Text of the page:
It’s green, has loads of great restaurants, and you can shop, dine and be merry alfresco pretty much 24/7. With its tree-lined streets you can see why Palermo is labelled the Paris of South America and Buenos Aires’ answer to New York’s Soho
In the prehistoric days, in a pre-blogging, pre-digital photography and pre-status-update-tweeting world (aka 2003), Lisa Goldapple bought a one-way ticket to Argentina to travel the world. She said goodbye to her London life as a scriptwriter and a decade of producing MTV music shows, reality shows and National Geographic podcasts about the gestation period of elephants and dolphins. In 2010 she realised her romantic vision of moving to Buenos Aires and is now working on only wearing dramatic, minimalistic black clothes and horn-rimmed specs, quaffing Malbec and drinking coffee on her own in candlelit cafes whilst reading novels like Catch-22. When she’s not directing and scripting international TV shows, voicing Playboy, running parties and mini-festivals in Bs As and writing her own comedy, she blogs and vlogs for The Real Argentina. Lisa likes to compare herself to the Puriri Moth – a creature which survives in a cocoon for decades until it finally burrows out to explore the world (except it only lives for 24 hours - and spends that day mating - after which it dies). Follow her very random mind at lisagoldapple.wordpress.com and twitter.com/lisagoldapple
In Buenos Aires, the only thing that is slow is the melancholic tango. As a tourist here you can feel like you’re being whisked away in a tornado – sometimes you just need to escape from the hectic city life before someone orders you to “tranquilo!”
Argentine music festivals are all about moshing (they bounce insanely to everything), bad lip-syncing (some very creative mouth movements going on), illogical wristband-voucher-beer-buying methods (seriously, don’t ask) and public displays of affection (aka rampant snogging). Lisa Goldapple reports from Buenos Aires HotFest 2010.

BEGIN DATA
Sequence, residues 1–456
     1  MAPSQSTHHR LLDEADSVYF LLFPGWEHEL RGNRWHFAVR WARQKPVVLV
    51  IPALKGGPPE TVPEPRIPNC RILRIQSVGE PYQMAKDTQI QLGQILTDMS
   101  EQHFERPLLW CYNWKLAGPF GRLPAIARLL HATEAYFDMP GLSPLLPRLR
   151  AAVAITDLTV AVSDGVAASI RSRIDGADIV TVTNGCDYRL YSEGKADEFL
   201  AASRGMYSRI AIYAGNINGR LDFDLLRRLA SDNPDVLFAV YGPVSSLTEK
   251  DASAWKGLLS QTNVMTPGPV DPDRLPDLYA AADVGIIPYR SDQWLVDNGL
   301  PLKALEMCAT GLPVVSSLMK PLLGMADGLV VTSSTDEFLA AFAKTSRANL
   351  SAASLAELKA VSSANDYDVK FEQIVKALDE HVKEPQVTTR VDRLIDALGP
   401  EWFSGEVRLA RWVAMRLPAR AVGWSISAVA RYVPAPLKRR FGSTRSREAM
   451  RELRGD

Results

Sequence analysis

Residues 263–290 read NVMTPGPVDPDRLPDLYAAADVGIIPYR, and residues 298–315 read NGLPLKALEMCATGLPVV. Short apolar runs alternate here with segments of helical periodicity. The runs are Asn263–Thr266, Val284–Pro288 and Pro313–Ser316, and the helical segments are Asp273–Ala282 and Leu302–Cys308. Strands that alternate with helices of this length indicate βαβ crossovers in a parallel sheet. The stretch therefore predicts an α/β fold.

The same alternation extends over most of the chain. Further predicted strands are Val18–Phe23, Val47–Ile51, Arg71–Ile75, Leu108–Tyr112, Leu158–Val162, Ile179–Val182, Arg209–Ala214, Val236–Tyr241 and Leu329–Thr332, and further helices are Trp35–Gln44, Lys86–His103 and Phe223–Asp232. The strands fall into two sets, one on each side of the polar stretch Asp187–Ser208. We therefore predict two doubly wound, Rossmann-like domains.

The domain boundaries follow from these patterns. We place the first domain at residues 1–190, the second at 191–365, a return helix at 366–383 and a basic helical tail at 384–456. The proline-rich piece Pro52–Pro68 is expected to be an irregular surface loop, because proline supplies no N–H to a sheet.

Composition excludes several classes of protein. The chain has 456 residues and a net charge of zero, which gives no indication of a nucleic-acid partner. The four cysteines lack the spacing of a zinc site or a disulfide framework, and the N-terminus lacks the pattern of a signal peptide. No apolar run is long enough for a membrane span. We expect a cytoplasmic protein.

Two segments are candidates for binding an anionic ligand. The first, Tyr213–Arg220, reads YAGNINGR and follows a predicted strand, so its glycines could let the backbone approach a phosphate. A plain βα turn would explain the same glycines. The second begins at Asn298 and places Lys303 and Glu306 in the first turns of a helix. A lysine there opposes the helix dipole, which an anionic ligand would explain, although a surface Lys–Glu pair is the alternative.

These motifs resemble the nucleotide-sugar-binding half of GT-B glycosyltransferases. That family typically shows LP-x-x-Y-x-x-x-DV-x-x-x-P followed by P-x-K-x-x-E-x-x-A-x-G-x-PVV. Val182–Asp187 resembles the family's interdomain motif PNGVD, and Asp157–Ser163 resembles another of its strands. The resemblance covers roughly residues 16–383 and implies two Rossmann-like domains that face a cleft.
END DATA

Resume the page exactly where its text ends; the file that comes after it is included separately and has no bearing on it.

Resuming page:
Recently my vegetarian mate Brian came to Argentina – land of the cow – on a ‘meat sabbatical’. OK, that’s not strictly true – he came here to go skiing in Bariloche, but what he discovered in Buenos Aires was so much more enriching, literally: parrillas
International directors have long been seduced by Argentina. Films shot here include ‘Highlander II’, Wong Kar-Wai’s ‘Happy Together’, Francis Ford Copolla’s ‘Tetro’ and even ‘Seven Years in Tibet’. However, if you want a foreign film fix to improve your Spanish and learn about the dynamics of the country’s civil unrest, then rent a classic Argentine film.
If mountains + music = your idea of a good time and you fancy a bit of high-brow Argentina culture at the foothills of the Andes, then head to Bariloche in October for the annual Semana Musical Llao Llao, one of the largest international classical music events in Latin America.
I have a spice vice. I like it hot. We’re talking serious heat – no pussyfooting around with a korma for me. I scissor skinny bird’s eye chillies raw into salad. I’ve been designing a twisting chilli tattoo for seven years. But in Argentina, it takes a bit of detective work to find that elusive spicy…
Porteños need little encouragement to deem a day a holiday, set off fireworks or… drink champagne. Any excuse for a party, right? Well, in Buenos Aires you can quaff Chandon, dramatically exclaim ¡qué frío! (very local) and people-watch – all under the umbrella of ‘high-brow’ – by throwing in an art fix. This year is the 10th Anniversary of Gallery Nights – late night openings which fall on the last Friday of every month until November, organized by art magazine Arte al Dia, adn Cultura (La Nacion newspaper), and the Ministry of Culture of Buenos Aires.